updated 2/21/2007 11:07:20 AM ET 2007-02-21T16:07:20

Secretary of State Condoleezza Rice on Wednesday described as “extremely unfortunate” a Russian general’s threat to target Poland and the Czech Republic if they host American missile defense bases.

Gen. Nikolai Solovtsov, head of Russia’s strategic missile forces, said Monday at a news conference that Russia might train its missiles on the two countries if they accept a U.S. proposal to base 10 interceptor missiles in Poland and a radar in the Czech Republic.

“I think that was an extremely unfortunate comment,” Rice said at a news conference in Berlin.

She said U.S. officials had briefed Russia on their plans and made it clear that the system is aimed at a possible launch from Iran, not from Russia. The system is too small to stop Russia’s large nuclear arsenal, she said.

“Anyone who knows anything about this knows that there is no way that 10 interceptors... are a threat to Russia or that they are somehow going to diminish Russia’s deterrent of thousands of warheads,” Rice said.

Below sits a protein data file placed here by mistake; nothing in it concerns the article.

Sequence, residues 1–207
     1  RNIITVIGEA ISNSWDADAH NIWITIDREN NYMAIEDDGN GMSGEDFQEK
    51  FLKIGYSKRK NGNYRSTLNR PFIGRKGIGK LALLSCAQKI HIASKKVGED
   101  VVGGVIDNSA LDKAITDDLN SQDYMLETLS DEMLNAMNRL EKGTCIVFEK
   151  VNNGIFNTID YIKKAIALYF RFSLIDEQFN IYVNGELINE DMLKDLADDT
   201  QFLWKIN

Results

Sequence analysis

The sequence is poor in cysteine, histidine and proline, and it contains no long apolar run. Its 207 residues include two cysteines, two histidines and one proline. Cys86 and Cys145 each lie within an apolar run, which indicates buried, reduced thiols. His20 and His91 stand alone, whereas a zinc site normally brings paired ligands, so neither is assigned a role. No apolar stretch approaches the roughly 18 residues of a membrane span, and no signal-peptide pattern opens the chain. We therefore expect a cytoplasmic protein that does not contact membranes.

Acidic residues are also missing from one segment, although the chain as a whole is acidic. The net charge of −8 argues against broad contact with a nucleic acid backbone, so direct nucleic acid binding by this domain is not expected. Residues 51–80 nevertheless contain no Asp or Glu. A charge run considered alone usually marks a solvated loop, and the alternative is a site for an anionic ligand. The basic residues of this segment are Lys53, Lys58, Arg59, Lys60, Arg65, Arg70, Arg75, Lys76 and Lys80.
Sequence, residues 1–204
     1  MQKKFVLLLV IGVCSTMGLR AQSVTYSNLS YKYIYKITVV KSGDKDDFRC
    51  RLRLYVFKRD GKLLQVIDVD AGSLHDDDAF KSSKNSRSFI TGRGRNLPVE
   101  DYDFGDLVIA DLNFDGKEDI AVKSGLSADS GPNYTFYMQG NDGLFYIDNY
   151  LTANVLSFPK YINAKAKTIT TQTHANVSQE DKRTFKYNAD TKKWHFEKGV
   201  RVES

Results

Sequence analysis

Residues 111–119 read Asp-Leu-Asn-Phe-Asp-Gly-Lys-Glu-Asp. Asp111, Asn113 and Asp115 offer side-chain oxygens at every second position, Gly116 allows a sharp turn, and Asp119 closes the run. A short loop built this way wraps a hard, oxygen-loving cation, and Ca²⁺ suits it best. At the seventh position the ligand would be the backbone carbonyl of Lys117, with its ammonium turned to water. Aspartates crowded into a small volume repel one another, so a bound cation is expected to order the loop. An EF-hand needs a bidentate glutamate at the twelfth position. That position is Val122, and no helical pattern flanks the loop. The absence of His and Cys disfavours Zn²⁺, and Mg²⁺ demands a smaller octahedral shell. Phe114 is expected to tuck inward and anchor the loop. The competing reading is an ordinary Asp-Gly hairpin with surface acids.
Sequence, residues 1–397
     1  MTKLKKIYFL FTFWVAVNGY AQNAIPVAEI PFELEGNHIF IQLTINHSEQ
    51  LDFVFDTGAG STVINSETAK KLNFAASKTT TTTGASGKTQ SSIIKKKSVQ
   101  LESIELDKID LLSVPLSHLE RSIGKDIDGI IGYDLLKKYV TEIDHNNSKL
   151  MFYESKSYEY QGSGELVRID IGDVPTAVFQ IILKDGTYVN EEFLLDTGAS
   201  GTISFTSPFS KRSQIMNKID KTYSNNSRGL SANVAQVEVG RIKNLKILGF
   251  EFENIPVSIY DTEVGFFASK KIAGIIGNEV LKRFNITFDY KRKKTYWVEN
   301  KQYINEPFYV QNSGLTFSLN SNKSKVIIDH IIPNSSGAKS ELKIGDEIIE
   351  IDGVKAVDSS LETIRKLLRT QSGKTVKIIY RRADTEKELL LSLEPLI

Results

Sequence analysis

“This is a missile defense system for limited purposes, we have had the opportunity to explain that to Russia... I think everyone understands that with a growing Iranian missile threat, which is quite pronounced, that there need to be ways to deal with that problem.”

Unhappy Putin
Russian President Vladimir Putin has sharply criticized the missile defense plans, saying they risk provoking a new arms race. Analysts in Moscow say that while the currently proposed system could not stop Russia’s missiles, officials are concerned that might change with technological advances.

Solovtsov said at a news conference in Moscow that “if the governments of Poland and the Czech Republic take such a step ... the Strategic Missile Forces will be capable of targeting these facilities if a relevant decision is made.”

The system consists of interceptor rockets that release a small kill vehicle that maneuvers into the path of oncoming warheads and destroys them in a high-speed collision. Critics say the system has not been convincingly shown to work.

The European defensive shield would protect Europe and the U.S. East Coast, complementing bases at Fort Greely, Alaska and at Vandenberg Air Force Base in California, which are positioned to guard the West Coast from a theoretical launch from North Korea.

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